(largest), and Lake Rukwa. This image spans the SE corner of the Democratic Republic of the Congo, NE Zambia, and southern Tanzania.

The lakes of the Western or Albertine Rift, with Lake Victoria, include the largest, deepest, and oldest of the Rift Valley Lakes. They are also referred to as the Central African lakes. Lakes Albert, Victoria, and Edward are part of the Nile River
Nile River
basin. Lake Victoria
Lake Victoria
(elevation 1,134 metres (3,720 ft)), with an area of 68,800 square kilometres (26,600 sq mi), is the largest lake in Africa. It is not in the rift valley, instead occupying a depression between the eastern and western rifts formed by the uplift of the rifts to either side. Lakes Victoria, Tanganyika, and Malawi are sometimes collectively known as the African Great Lakes. The Western Rift Valley lakes
Rift Valley lakes
are fresh water and home to an extraordinary number of species. Approximately 1,500 cichlid fish (Cichlidae) species live in the lakes. In addition to the cichlids, populations of Clariidae, Claroteidae, Mochokidae, Poeciliidae, Mastacembelidae, Centropomidae, Cyprinidae, Clupeidae
Clupeidae
and other fish families are found in these lakes. They are also important habitats for a number of amphibian species, including Amietophrynus kisoloensis, Bufo keringyagae, Cardioglossa cyaneospila, and Nectophryne batesii.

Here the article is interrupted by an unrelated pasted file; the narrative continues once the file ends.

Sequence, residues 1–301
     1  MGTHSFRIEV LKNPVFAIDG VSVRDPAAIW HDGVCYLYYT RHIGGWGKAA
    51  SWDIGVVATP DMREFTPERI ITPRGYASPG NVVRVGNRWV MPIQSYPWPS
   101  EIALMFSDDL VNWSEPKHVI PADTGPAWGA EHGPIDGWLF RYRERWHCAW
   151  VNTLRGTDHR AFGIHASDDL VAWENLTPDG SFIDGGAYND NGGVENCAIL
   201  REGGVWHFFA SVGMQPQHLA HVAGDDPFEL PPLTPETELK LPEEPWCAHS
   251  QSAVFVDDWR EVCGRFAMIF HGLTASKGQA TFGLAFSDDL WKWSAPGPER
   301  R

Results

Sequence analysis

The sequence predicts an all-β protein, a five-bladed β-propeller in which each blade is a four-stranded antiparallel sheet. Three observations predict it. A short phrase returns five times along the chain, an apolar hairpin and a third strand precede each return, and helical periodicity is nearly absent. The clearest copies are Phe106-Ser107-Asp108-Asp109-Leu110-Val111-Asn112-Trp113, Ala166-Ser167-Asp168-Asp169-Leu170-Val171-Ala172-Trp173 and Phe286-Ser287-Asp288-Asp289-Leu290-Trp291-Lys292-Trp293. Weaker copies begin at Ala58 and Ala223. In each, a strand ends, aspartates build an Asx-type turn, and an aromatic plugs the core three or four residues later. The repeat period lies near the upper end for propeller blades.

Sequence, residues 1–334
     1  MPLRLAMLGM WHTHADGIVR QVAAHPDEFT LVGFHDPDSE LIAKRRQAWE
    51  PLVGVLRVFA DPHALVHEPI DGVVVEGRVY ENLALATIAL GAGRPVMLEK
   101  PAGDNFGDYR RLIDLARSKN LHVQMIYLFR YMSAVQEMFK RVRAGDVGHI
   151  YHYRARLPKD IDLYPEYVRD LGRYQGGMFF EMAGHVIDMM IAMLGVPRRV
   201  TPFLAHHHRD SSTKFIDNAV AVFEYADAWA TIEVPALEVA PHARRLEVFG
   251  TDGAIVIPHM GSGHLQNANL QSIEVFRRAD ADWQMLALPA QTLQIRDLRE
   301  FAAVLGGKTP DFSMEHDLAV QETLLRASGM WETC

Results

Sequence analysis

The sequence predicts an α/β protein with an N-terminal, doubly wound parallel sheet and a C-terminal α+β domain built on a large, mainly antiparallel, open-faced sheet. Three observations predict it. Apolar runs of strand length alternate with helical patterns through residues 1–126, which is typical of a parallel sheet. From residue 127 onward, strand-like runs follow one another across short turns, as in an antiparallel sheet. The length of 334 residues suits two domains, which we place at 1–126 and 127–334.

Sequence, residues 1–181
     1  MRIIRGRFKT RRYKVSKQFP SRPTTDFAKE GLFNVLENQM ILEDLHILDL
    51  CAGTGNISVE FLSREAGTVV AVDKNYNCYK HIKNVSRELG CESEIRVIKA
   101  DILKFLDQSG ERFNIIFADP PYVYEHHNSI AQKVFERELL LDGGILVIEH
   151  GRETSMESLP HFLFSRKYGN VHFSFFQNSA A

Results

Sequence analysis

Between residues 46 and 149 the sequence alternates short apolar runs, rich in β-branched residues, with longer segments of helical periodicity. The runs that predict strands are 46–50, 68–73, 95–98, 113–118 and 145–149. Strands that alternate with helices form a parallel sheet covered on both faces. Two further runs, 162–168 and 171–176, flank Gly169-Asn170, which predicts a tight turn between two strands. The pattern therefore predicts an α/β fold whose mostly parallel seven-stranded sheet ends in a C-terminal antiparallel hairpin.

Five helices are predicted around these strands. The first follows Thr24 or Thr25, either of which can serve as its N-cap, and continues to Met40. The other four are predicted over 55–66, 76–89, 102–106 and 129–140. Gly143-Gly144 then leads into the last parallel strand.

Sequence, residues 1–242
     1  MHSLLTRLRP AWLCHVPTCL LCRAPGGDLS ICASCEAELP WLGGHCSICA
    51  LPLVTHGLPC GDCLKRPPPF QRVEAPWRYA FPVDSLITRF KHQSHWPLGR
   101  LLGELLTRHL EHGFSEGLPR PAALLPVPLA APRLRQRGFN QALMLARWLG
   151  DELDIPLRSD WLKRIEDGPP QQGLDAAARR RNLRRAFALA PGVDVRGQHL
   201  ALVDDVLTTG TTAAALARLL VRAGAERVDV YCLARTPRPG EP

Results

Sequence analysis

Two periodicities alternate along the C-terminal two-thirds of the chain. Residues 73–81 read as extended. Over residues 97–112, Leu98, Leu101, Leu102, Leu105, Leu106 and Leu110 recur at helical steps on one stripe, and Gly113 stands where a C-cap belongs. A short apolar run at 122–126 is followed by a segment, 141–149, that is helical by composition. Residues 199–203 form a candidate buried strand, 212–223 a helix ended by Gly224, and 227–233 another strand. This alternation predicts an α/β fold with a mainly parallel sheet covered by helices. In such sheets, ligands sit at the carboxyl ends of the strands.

Lake Albert (5,300 square kilometres (2,000 sq mi), elevation 615 metres (2,018 ft)) is the northernmost lake in the western rift. Lake Edward
Lake Edward
(2,325 square kilometres (898 sq mi), elevation 912 metres (2,992 ft)) drains north into Lake Albert Lake Kivu
Lake Kivu
(2,220 square kilometres (860 sq mi), elevation 1,460 metres (4,790 ft)) empties into Lake Tanganyika
Lake Tanganyika
via the Ruzizi River. Lake Tanganyika
Lake Tanganyika
(32,900 square kilometres (12,700 sq mi), elevation 773 metres (2,536 ft)) is the largest and deepest of the Rift Valley lakes
Rift Valley lakes
(more than 1,400 metres (4,600 ft)), and is the second deepest fresh water lake on the planet (after Lake Baikal).[1] Below roughly 200 meters depth, its water is anoxic and devoid of life besides anoxic bacteria.[4] It is very sensitive to climate.[5] It is part of the Congo River
Congo River
basin, feeding into the River Congo
River Congo
via the Lukuga River.

Southern Rift Valley lakes
Rift Valley lakes
( Tanzania
Tanzania
and Malawi)[edit] The Southern Rift Valley lakes
Rift Valley lakes
are like the Western Rift Valley lakes in that, with one exception, they are freshwater lakes.

Lake Rukwa
Lake Rukwa
(about 5,670 square kilometres (2,190 sq mi) but quite variable) in Tanzania
Tanzania
is the alkaline exception, lying south-east of Tanganyika, and has no outlet. Lake Malawi
Lake Malawi
(30,000 square kilometres (12,000 sq mi), elevation 500 metres (1,600 ft)), the second largest and second deepest of the Rift Valley lakes
Rift Valley lakes
at over 700 metres (2,300 ft), is drained by the Shire River, a tributary of the Zambezi River. Also known as Lake Nyasa. Lake Malombe
Lake Malombe
(450 square kilometres (170 sq mi)) is on the Shire River. Lake Chilwa
Lake Chilwa
(1,750 square kilometres (680 sq mi), elevation 622 metres (2,041 ft)) has no outlet but extensive wetlands. It is the southernmost of the Rift Valley lakes.